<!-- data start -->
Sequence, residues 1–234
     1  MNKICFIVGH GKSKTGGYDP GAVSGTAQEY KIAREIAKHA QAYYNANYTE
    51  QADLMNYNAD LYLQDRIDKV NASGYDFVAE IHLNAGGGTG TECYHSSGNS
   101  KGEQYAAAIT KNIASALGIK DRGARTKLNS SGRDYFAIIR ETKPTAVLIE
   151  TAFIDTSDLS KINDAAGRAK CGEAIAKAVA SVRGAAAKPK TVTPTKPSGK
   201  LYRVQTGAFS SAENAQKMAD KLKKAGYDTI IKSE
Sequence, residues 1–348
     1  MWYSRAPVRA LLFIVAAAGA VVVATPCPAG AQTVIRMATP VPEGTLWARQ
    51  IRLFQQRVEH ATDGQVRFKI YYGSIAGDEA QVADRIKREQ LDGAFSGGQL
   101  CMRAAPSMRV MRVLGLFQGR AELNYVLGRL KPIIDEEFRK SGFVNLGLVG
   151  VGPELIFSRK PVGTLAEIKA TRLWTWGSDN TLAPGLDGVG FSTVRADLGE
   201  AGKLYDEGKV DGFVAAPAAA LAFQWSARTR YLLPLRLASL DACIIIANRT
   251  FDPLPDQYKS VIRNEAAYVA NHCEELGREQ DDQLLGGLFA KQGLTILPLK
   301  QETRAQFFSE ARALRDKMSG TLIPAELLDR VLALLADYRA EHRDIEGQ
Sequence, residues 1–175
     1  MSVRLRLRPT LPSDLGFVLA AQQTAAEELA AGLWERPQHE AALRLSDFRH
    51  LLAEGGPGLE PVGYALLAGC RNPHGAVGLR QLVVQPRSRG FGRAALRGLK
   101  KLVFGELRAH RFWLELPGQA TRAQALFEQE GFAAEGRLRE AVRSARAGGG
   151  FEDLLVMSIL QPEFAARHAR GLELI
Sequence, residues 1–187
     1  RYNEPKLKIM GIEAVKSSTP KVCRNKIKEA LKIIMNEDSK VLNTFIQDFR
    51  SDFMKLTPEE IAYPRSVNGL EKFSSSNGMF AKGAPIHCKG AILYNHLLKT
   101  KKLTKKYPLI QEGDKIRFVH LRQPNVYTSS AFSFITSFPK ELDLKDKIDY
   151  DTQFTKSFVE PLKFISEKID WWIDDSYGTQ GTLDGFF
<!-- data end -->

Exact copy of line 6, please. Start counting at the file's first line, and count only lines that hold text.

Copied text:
   201  LYRVQTGAFS SAENAQKMAD KLKKAGYDTI IKSE